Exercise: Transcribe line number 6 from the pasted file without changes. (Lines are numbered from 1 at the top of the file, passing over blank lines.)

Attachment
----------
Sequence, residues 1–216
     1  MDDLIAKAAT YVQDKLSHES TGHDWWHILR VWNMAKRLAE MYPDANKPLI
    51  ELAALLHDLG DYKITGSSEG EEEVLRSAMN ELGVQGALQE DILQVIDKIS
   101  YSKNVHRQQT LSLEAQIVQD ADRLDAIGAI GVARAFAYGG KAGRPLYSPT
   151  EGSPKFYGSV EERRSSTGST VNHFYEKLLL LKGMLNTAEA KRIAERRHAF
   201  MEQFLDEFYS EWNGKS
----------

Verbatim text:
   201  MEQFLDEFYS EWNGKS